Noel Guzman Boffill (b. 1954)
Noel Guzmán Bofill Rojas, born in Remedios, Cuba, in 1954, always had a restless and extroverted personality. He came from a humble family, but cultural concerns and coming from a marginal neighborhood compelled him to come up with ways to counter the anxieties of those popular but restricted expressions that his local environment encompassed. A self-taught artist whose works include painting, installation, sculpture, and performance, he enjoys oral expression and presentations, displaying a special passion for improvisation and the composition of refrains that are humorous, erotic, or honorific. Throughout his turbulent life he has also been a clown; an actor; a dishwasher; a street vendor of tamales, anoncillo fruit, peanuts, cashews, and newspapers; a shoe shiner; a street-sweeper; a cleaner; a kitchen helper; a waiter; a construction worker; a well-builder; a speaker who provides the final words prior to burials; a street musician; a sugar cane cutter; a framing carpenter; a tinsmith; a mattress maker; a professor of Spanish and Athletics; an instructor of chess and ping-pong; a runner (known to many under the name of Juantorena); and an international soldier during the war in Angola.
His paintings possess an unquestionable strength across themes that range from landscapes to the social, the religious, and the historic. In his religious images he emphasizes depictions of virgins and of Christ; most of these reflect the aesthetic of prison tattoos, a result of his personal experiences. In his landscapes he occasionally incorporates proverbs, poems, and other literary allegories, scrawled out in his raw calligraphy. His portraits usually feature Revolutionary leaders, a theme for which he shows a rather curious obsession, while his self-portraits may transform his own image into characters from history and universal culture. He possesses a style that is completely original and that escapes any particular classification, but which is nurtured and develops from the confluence of various characteristics typically linked to the naïve, the brut, and the contemporary.
Bofill has been awarded numerous awards and honors, he has exhibited his work nationally and internationally, and his works are held in both public and private collections. Through the visual arts Bofill expresses his own particular philosophy of life, which fuses reality with theatricality, the mystical, the erotic, the humorous, the absurd, and the poetic. In his incessant interest in showing and sharing his art he has converted his house into a true artist sanctuary where the collections of works of art and objects of daily life don’t merely coexist but merge in order to create a cryptic yet welcoming environment. The internal and external walls, as well as part of the ceilings, have been decorated with his extensive painted murals, and the fragments of works dispersed around the bedrooms are utilized with transparency and a rare elegance.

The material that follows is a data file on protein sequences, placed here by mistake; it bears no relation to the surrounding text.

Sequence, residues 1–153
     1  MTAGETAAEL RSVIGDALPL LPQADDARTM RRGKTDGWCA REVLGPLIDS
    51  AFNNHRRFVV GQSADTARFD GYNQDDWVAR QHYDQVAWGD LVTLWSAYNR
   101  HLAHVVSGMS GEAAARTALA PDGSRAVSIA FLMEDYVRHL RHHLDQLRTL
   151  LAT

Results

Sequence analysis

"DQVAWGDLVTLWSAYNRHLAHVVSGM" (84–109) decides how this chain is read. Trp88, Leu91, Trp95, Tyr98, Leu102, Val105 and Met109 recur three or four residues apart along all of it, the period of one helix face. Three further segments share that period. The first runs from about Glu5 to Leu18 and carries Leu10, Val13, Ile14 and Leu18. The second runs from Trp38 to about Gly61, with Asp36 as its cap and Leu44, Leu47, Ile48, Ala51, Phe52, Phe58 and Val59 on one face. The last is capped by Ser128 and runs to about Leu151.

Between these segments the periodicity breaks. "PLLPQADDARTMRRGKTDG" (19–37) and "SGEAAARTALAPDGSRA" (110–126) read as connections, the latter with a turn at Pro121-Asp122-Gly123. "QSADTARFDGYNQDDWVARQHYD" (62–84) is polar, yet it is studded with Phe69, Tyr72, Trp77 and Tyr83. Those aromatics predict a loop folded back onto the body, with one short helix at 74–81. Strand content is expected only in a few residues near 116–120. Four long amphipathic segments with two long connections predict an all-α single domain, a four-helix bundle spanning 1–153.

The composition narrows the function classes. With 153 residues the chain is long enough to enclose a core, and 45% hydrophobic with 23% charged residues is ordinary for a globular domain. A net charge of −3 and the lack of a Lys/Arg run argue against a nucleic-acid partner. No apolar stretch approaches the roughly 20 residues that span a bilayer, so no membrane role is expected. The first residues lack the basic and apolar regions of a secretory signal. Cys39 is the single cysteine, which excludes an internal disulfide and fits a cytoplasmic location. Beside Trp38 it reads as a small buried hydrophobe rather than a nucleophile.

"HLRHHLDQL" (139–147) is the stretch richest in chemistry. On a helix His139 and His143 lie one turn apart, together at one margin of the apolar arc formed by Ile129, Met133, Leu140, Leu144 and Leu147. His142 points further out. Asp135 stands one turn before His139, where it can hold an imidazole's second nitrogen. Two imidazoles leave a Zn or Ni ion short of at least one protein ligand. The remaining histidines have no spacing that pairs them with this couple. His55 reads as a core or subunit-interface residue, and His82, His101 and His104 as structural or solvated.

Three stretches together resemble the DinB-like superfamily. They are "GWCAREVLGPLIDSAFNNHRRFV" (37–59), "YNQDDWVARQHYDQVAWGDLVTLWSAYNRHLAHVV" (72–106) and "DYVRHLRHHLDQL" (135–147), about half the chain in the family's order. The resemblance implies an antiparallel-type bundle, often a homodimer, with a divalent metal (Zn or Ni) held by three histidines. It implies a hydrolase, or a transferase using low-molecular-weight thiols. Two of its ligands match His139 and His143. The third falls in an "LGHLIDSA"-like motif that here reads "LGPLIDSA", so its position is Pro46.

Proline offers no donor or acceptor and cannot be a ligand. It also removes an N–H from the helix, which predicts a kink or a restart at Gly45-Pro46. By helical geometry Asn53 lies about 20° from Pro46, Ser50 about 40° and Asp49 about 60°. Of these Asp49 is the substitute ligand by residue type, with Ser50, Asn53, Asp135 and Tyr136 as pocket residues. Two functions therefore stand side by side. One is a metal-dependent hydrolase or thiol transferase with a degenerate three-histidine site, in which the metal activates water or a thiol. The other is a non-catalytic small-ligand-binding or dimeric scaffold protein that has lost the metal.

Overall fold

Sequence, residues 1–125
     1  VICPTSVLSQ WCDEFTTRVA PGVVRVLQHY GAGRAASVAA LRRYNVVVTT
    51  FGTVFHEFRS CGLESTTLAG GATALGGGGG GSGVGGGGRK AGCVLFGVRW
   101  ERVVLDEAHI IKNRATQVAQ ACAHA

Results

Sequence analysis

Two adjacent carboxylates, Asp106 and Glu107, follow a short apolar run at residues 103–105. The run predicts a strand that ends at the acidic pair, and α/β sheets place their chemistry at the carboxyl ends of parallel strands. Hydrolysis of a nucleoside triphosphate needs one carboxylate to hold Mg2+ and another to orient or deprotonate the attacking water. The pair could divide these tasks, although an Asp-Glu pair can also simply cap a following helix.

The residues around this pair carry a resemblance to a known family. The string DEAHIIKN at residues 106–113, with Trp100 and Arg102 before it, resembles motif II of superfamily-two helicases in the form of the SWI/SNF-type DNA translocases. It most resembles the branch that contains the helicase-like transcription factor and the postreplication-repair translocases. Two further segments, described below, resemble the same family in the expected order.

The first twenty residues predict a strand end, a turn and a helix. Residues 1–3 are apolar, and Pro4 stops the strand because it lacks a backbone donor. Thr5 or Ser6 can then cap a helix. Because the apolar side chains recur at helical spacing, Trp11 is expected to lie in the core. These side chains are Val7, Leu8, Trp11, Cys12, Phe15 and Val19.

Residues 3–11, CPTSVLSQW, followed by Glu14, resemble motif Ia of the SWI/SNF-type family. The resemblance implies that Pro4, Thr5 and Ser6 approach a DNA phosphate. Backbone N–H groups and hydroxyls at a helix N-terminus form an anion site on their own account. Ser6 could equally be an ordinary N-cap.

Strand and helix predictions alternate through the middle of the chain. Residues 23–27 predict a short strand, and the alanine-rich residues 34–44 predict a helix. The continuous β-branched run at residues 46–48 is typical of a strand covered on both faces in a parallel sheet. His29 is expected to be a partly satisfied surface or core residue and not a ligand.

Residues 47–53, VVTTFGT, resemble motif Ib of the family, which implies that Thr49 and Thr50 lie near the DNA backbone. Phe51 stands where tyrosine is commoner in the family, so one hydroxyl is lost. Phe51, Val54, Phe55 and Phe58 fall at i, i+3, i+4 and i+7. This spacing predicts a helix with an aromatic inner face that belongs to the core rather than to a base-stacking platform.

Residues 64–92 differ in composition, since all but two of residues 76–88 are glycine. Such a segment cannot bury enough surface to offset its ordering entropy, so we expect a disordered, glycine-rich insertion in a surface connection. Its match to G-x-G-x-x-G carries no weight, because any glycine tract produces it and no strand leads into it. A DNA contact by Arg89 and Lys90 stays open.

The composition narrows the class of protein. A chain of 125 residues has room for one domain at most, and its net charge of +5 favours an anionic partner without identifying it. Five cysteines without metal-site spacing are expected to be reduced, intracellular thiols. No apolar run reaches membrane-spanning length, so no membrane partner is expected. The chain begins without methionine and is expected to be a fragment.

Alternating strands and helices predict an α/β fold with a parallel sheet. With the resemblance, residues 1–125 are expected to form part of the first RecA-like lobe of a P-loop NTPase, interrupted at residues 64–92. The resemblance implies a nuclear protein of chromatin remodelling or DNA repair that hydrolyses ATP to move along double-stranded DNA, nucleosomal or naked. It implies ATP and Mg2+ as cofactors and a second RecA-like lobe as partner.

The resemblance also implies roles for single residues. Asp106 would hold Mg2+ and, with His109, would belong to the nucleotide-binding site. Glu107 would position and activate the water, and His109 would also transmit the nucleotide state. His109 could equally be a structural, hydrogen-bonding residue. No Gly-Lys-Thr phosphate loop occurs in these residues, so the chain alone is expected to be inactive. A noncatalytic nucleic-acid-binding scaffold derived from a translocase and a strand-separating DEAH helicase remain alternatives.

Bofill has lived in this house with his wife Maritza Atanes (with whom, as of this writing, he has been married 36 years) since 2001. Their son Dariel grew up here as well, and he and his mother are also dedicated to painting. Approaching Bofill’s house – which is also his studio – means approaching his private life and discovering more than 500 meters of murals (including those on the roof), different found objects, or pieces of painted ceramic earthenware: the creative universe of an insatiable artist. Bofill paints on the walls when he doesn’t have canvas or other supports on which to paint, but when the urge to do so can’t be suppressed; he incorporates art into his reality in an eruption of plenitude and spirituality. He even encapsulates images that have been pulled from a strange subconsciousness, a daily dialogue in which he re-lives them and makes them part of his own family. While all of these works serve as windows into the artist’s life and thoughts, Bofill’s house has come to physically constitute the single largest representation of the artist himself.